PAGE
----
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William Power (1873-1951) - Journalist

He was born on 30th August 1875 in Glasgow, Scotland, the son of a shipmaster. He was educated in Glasgow and became a bank clerk in 1907, a post he held for only a short time; he then became a journalist with the Glasgow Herald, where he remained until 1926, latterly as its literary editor. From then until his death on 13 June 1951, Power worked as an author and freelance journalist. Between 1935 and 1938 he was President of the Scottish PEN Club. He contested the Argyll parliamentary constituency unsuccessfully in 1940 as a Scottish Nationalist. Power's knowledge of Scotland and his fascination with its topography and history are reflected in his principal publications: Robert BURNs and Other Essays and Sketches (1926), Scotland and the Scots (1935), Literature and Oatmeal (1935) and Should Auld Acquaintance (1937). He was an early supporter of Hugh MacDiarmid who dedicated to him his collection, First Hymn to Lenin and Other Poems. (1931).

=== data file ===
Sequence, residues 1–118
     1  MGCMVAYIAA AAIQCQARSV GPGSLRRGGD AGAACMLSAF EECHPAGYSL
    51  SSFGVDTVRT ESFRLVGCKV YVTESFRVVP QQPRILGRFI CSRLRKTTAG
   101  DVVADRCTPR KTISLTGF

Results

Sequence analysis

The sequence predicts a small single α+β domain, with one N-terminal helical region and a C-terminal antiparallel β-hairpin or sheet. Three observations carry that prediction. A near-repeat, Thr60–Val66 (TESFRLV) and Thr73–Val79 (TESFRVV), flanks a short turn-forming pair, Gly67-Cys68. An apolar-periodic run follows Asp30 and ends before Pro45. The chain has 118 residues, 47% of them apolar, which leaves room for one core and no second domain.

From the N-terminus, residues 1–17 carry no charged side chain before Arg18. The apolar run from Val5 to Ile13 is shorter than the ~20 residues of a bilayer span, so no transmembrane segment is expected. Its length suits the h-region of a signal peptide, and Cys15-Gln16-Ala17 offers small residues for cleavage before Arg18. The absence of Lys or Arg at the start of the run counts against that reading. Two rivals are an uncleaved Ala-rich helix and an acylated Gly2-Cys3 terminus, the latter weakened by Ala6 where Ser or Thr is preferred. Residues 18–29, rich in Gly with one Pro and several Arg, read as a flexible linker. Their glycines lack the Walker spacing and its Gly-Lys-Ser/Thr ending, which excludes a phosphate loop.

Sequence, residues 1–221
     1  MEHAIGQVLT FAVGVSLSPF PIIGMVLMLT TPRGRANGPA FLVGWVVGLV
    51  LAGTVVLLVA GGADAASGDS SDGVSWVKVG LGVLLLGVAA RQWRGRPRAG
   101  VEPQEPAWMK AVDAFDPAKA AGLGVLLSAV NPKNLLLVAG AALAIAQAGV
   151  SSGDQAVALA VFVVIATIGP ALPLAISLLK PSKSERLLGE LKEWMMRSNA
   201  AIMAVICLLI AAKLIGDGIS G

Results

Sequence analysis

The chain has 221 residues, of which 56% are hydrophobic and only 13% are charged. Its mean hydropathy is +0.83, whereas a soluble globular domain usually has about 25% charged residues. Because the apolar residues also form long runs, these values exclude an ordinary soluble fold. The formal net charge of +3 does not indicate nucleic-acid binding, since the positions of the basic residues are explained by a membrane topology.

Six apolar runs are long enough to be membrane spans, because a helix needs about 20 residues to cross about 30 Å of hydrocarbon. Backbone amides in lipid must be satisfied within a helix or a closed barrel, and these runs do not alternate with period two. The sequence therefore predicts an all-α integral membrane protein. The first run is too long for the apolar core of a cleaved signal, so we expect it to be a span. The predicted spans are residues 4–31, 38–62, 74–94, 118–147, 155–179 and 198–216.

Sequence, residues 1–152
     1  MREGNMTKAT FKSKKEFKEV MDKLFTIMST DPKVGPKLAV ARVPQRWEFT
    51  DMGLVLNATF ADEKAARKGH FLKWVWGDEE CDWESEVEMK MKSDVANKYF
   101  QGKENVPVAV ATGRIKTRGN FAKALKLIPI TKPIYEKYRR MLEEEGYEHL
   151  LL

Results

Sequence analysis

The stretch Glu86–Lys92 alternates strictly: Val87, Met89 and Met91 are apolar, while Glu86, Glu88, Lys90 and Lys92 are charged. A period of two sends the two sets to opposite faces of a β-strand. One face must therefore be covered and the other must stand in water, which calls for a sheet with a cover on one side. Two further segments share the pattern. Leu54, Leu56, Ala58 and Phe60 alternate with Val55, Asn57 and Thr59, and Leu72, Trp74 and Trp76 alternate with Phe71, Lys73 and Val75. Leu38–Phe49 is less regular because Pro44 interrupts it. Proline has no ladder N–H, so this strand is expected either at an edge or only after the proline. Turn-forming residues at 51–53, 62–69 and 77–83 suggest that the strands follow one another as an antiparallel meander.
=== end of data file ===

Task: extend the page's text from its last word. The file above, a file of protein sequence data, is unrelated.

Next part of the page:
Works: Prince Charlie (1912); The World Unvisited (1922); Robert Bums and Other Essays and Sketches (1926); My Scotland (1934); Literature and Oatmeal (1935); Scotland and the Scots (1935); SHOULD Auld Acquaintance (1937); The Face of Glasgow (1938); The face of Edinburgh (1939); A Kelvingrove Jubilee (1952).

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